- Transfer taxes: This covers the transfer of ownership from you (the current owner) to the buyer (the new owner).
- Property taxes: The seller will be on the hook for bringing any unpaid property taxes on the home current, as of closing day.
- HOA fees: Similarly, if the home is in a community run by a homeowners association, HOA fees will also need to be paid up-to-date as of closing day.
Closing costs either party might pay
While some closing costs are typically paid by buyers and others are typically paid by sellers, who pays for what can vary quite a bit depending on your location. For instance, in most of Florida, sellers cover the cost of an owner’s title insurance policy. But the opposite is true in four of the state’s 67 counties, including the two most densely populated: Miami-Dade and Broward.
Who pays which closing costs can also vary depending on the current market conditions, and many items are open to negotiation. For example, a buyer in a seller’s market will want to be more conservative with their concession requests, because they’re less likely to get approved if the seller has multiple competitive offers. In markets where buyers have more leverage, things might be negotiated more in their favor.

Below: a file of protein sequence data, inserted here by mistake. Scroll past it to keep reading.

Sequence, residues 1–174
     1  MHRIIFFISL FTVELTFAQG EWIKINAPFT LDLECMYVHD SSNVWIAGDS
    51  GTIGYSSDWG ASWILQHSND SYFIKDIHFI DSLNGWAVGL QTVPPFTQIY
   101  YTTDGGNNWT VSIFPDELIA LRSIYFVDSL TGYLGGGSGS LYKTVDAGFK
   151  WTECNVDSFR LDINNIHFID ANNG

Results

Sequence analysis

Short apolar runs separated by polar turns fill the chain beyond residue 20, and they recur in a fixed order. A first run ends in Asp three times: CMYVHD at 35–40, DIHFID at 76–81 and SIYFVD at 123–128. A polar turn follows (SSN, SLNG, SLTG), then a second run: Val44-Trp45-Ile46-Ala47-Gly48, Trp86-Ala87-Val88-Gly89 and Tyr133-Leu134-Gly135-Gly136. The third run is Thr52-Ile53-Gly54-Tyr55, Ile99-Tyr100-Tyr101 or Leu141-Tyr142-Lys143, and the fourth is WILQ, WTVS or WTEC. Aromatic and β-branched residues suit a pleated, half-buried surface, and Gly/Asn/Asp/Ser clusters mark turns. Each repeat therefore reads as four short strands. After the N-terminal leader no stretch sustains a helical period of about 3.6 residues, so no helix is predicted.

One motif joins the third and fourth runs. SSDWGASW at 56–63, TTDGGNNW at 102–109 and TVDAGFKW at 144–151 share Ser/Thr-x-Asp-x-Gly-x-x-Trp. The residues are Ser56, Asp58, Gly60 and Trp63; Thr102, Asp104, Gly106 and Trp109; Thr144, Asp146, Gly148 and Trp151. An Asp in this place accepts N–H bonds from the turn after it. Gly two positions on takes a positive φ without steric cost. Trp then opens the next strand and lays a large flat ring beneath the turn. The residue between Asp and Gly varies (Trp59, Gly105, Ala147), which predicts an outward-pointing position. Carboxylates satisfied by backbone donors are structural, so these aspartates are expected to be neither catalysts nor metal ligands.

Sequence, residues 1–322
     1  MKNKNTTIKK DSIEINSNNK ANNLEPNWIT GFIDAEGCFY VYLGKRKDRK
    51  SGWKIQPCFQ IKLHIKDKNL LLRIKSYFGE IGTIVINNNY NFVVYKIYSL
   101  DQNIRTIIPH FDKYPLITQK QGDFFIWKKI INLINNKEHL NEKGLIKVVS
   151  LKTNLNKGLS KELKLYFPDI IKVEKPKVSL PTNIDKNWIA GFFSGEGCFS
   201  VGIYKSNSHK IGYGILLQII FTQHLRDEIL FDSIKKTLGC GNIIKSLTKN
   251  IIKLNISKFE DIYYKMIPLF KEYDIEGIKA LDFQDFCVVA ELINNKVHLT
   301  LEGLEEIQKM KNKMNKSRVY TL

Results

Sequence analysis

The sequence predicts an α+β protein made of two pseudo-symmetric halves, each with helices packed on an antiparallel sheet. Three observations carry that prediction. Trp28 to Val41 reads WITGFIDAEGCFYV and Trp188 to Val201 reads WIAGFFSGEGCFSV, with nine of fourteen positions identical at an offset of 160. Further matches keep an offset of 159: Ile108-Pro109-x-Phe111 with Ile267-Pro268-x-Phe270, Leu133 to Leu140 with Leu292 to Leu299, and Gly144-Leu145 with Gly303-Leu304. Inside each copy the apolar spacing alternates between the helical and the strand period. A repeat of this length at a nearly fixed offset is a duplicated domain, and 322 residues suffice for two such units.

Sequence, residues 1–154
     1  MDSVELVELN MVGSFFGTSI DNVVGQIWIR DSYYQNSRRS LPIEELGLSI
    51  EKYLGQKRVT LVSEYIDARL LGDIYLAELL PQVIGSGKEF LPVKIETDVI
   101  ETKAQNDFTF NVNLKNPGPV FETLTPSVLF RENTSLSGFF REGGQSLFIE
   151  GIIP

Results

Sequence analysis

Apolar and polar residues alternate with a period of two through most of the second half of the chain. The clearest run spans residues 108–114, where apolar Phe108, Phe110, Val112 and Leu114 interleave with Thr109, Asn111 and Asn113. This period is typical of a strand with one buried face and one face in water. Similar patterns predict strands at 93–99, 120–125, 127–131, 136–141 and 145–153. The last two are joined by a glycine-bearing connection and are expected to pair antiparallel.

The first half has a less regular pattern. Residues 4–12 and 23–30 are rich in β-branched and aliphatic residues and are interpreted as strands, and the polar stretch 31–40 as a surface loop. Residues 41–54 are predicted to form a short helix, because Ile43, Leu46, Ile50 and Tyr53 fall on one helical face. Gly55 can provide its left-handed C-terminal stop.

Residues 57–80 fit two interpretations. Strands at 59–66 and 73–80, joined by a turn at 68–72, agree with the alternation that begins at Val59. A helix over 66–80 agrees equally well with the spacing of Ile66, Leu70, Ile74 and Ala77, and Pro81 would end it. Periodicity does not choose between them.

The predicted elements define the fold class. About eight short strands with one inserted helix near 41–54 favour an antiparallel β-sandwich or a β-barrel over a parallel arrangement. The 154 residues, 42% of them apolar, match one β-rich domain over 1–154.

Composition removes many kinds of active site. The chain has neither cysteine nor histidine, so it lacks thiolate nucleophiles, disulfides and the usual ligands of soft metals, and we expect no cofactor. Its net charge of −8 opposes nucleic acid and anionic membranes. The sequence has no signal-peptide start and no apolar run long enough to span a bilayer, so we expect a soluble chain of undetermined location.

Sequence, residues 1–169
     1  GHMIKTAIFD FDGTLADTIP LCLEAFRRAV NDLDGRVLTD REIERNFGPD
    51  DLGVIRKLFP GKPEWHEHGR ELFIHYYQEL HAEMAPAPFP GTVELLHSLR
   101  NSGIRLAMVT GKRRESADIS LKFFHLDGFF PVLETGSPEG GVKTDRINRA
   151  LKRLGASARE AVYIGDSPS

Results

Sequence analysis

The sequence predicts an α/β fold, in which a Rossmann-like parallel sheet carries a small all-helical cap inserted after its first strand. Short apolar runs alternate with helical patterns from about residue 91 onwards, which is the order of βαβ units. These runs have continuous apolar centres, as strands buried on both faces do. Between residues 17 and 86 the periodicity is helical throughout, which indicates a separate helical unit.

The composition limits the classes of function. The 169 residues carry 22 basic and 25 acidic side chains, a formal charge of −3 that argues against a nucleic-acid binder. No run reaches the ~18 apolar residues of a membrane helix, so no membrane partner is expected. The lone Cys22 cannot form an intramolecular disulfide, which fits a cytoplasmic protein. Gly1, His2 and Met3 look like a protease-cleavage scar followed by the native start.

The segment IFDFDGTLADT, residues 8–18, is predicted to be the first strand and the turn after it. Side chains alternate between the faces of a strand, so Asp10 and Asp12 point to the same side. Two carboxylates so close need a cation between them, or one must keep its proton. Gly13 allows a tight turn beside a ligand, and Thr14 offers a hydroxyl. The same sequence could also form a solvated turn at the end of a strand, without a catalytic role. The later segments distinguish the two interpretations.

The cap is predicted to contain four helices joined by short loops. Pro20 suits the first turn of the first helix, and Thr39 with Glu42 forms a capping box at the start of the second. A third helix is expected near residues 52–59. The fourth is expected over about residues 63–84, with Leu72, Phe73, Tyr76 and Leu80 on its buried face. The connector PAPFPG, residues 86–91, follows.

Closing costs vary depending on loan type
Different loan types have different structures, which means closing costs can vary depending on the type of mortgage you get. A higher amount usually comes into play for buyers who are making a smaller down payment. In such cases, lenders often affix extra charges to the mortgage, as a sort of insurance to protect themselves in case these higher-risk buyers are delinquent or default on their payments. These are often due when you close on the property.
If you’re putting down less than a 20 percent down payment, you will likely have to pay an extra monthly fee for private mortgage insurance. Some lenders might require you to make an upfront PMI payment at closing, meaning you pay the full premium amount for the year all at once. And with a government-insured FHA loan, you’ll need to pay a mortgage insurance premium at the closing table, along with annual premiums thereafter.
Saving money on closing costs
While closing costs are normal for every real estate transaction, there may be some steps you can take to reduce the total amount you’ll pay.